Now something has been disturbing me for the past couple of months; and I believe I share this with other concerned citizens in the Sudan and South Sudan in particular and it’s about the Southern Sudan Referendum Commission, also known as SSRC, whose head or Chief, Prof. Mohammed Khalil Ibrahim is under credibility question, let alone impartiality. In any country governed by democratic principles and values, a person who is to be put or appointed as a head of an independent commission i.e. SSRC is supposed to be put under public scrutiny for credibility purposes of that commission, if the people are to expect credible results out of it before such individual person can be appointed by the appointing authority, be it executive or legislative branch of the government. This is to ensure that the credibility/integrity of the whole commission is not compromised by the head with tarnished image or reputation and whose record of the past does not merit him/her the position, since the purpose of forming that legally instituted entity is to serve the interest of the nation as it discharges its duties and obligations.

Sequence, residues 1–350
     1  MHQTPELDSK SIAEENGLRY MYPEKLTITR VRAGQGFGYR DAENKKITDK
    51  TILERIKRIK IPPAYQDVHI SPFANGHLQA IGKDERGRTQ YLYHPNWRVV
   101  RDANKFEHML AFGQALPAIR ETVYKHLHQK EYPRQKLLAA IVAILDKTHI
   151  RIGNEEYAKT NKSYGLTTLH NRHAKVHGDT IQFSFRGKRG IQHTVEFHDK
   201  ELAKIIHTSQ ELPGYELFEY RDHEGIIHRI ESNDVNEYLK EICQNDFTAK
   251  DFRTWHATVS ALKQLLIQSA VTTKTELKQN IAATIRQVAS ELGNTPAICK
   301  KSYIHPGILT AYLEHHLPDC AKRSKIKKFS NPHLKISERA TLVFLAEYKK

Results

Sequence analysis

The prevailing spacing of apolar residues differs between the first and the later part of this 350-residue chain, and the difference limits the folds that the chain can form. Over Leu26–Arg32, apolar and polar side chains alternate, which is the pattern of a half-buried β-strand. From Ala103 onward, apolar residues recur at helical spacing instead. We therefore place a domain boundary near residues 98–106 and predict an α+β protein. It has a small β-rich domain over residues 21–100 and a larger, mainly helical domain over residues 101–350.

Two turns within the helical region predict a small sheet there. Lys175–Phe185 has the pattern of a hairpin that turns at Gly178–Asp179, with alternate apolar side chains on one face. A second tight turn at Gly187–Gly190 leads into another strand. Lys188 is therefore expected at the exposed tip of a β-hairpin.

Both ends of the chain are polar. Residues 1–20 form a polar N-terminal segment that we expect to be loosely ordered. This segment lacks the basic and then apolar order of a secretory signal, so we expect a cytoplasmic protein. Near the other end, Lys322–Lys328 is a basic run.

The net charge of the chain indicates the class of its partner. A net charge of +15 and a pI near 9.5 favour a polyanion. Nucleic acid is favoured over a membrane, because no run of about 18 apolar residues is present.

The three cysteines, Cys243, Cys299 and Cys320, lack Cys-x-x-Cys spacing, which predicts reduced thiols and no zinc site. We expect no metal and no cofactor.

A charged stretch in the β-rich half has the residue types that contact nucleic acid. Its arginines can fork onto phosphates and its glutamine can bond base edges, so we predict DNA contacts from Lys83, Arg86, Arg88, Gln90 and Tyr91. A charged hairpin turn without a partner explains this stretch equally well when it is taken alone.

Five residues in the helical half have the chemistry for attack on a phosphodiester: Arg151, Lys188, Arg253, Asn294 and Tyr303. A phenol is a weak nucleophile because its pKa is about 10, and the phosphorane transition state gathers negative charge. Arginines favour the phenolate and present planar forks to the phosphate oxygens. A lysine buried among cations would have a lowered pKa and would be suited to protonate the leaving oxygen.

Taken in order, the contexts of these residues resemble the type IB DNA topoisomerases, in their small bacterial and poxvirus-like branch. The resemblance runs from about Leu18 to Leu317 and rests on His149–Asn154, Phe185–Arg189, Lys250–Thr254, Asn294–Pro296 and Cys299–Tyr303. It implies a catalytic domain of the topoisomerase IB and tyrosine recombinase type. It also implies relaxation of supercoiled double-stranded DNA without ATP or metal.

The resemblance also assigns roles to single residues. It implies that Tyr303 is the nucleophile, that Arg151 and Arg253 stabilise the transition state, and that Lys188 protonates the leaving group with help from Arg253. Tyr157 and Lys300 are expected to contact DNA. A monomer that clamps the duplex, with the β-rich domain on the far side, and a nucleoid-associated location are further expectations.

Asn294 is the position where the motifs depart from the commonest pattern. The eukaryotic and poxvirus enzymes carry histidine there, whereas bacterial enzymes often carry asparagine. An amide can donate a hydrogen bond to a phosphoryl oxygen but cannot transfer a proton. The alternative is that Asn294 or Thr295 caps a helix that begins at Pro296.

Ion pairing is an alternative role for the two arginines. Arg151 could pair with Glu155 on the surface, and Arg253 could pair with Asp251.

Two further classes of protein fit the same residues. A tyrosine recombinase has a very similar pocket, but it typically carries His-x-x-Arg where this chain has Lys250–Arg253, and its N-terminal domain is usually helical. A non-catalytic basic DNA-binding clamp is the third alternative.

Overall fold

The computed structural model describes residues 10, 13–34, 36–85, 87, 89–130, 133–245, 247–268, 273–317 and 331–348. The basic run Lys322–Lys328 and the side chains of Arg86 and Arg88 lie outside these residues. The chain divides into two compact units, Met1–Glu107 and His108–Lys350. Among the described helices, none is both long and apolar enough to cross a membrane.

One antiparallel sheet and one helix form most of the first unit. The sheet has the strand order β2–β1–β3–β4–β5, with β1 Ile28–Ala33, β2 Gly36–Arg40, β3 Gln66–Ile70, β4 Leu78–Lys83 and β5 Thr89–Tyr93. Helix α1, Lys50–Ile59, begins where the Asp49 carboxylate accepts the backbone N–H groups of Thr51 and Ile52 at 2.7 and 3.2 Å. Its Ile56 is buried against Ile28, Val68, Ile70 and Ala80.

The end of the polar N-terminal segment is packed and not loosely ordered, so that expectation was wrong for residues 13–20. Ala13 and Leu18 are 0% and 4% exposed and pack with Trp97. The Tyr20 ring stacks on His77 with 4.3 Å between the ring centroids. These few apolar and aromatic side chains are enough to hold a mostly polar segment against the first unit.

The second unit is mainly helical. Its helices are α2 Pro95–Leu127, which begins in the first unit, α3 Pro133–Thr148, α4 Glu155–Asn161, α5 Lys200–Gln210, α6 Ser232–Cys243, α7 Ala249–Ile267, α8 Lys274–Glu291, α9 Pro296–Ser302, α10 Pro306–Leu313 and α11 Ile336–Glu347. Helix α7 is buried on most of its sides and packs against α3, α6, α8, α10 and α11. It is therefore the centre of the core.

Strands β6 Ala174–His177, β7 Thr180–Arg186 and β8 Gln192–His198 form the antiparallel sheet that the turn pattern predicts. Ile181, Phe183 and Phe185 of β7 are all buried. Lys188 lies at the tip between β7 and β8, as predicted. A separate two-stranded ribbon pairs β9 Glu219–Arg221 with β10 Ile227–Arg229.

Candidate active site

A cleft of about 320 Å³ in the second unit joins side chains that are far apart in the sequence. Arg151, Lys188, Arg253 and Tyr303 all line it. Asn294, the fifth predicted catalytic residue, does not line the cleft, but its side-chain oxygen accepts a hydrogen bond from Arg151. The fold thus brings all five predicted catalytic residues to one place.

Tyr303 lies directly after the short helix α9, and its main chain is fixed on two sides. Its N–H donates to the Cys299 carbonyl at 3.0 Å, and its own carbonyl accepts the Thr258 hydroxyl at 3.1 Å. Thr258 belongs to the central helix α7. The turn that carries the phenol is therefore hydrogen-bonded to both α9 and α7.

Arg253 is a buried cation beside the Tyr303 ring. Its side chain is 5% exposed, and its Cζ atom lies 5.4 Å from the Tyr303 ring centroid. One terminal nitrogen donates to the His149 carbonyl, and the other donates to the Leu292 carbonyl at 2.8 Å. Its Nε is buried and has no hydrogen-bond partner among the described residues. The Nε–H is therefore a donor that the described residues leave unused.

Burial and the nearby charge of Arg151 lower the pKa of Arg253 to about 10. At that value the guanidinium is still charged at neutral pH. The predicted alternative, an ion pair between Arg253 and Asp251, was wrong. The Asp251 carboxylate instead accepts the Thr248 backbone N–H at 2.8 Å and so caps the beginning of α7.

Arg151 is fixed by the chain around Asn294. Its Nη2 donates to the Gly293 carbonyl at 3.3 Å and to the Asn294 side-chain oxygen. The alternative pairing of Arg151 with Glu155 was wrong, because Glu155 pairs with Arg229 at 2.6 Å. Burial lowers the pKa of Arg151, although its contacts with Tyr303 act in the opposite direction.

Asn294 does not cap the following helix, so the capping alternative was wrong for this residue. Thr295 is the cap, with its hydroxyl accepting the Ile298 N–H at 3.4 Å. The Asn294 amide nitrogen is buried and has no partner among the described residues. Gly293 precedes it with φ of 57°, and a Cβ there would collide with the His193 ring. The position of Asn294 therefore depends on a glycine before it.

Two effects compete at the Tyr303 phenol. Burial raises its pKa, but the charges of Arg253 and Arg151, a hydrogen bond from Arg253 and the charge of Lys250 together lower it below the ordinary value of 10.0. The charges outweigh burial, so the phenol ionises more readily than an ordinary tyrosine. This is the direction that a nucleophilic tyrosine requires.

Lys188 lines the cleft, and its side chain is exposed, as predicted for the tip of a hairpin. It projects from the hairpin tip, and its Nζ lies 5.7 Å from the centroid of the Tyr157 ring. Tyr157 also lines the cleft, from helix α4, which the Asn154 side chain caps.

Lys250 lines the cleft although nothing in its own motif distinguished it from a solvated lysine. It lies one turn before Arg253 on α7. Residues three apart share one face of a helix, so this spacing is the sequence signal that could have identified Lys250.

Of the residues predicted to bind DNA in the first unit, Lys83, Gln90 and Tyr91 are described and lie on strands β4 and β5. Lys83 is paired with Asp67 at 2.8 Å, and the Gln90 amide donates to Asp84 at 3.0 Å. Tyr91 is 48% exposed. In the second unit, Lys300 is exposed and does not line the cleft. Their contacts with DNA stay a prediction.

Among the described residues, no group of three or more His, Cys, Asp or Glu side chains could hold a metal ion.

To put it into our context in Sudan, it’s not the case. People or individual persons are appointed to head independent commissions even though they don’t seem to qualify or to meet the criterion of such high positions, and it’s based on their ‘close’ relationship with the executive. There are other good examples to support what I am saying herein but I specifically chose to talk about the SSRC’s predicament. Professor Mohammed Khalil Ibrahim was appointed by a presidential degree months after the parties to the comprehensive peace agreement or call them ‘CPA partners’ were deadlocked over who should head it (the SSRC), as the country prepares itself for the “inevitable” break-up of the country into two, as all indicators show. To break the impasse or deadlock, the SPLM who was keen on the formation of the commission as a matter of urgency, had to capitulate to NCP’s unrealistic demands of the secretary general in addition to the head of commission so that the ‘long awaited’ commission could finally take up some of its duties and responsibilities in line with the referendum act of 2009 and the ICOS, 2005.